Are pickup trucks becoming too big?
That’s the question posed in, “The Hidden Danger of Big Trucks,” by Keith Barry in the July 2021 edition of Consumer Reports. For the large part, the concerns raised by Barry involve pedestrians, city travel, and contact with small cars.
For decades, full-sized pickups had largely been seen on farms, construction sites, and other trades.
That’s not the case anymore.
The three best-selling vehicles in the U.S. are trucks — the Ford F-Series, the Chevrolet Silverado, and the Ram, according to Barry. The demand is so strong that pickups now represent one of every five new vehicles sold in America. That has caused Toyota and Nissan to join the foray as that group of five manufacturers account for 79% of the pickup truck market.
A growing safety issue
With all those trucks being sold, one can imagine that they’re not just traveling township and country roads. And that’s the concern when it comes to urban traffic, contends Consumers Reports.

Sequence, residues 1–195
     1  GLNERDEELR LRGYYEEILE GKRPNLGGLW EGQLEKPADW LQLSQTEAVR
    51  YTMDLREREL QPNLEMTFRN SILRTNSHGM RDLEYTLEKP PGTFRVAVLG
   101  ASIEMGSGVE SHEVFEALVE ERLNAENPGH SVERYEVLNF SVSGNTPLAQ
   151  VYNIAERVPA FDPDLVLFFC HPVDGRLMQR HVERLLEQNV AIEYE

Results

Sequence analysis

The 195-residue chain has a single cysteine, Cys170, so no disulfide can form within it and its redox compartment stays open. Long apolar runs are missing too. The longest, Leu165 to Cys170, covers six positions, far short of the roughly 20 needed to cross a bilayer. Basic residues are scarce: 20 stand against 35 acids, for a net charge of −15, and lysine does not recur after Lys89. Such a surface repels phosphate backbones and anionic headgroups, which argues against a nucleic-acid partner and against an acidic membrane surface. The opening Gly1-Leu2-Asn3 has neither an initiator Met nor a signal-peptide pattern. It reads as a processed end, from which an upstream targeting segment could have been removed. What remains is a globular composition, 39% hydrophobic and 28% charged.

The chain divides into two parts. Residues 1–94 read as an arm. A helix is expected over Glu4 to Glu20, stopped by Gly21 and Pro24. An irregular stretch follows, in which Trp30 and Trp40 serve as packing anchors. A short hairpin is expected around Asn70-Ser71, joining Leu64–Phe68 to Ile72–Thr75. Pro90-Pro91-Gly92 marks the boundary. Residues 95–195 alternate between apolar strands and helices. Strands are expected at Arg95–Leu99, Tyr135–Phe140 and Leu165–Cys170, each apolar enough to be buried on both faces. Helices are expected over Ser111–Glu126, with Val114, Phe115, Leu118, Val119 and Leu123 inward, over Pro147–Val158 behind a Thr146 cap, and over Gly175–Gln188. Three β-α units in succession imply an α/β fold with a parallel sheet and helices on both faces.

• The hood height of passenger trucks has increased by an average of 11% since 2000.
• New pickups grew 24% heavier based on sheer weight, on average, from 2000 to 2018.
• “On some heavy-duty trucks, such as the Ford F-250, the front edge of the hood is now 55 inches or more off the ground — as tall as the roof on some sedans,” wrote Barry. This height creates blind spots in front of the truck.
With booming truck sales, there seems to be no interest in downsizing vehicles anytime soon on the part of manufacturers. “GM and Ford said their big trucks needed larger grilles to support engine cooling when towing trailers,” wrote Barry.
Then there’s the matter that buyers want tough-looking trucks. Also, many truck categories have less restrictions when it comes to energy conservation.
Consumer Reports goes on to question the need for all this truck power. However, we contend others are learning what those on the farm already know — a tough truck can get a lot of work done. And when one’s working that hard, it’s simply fun to drive a good-looking vehicle.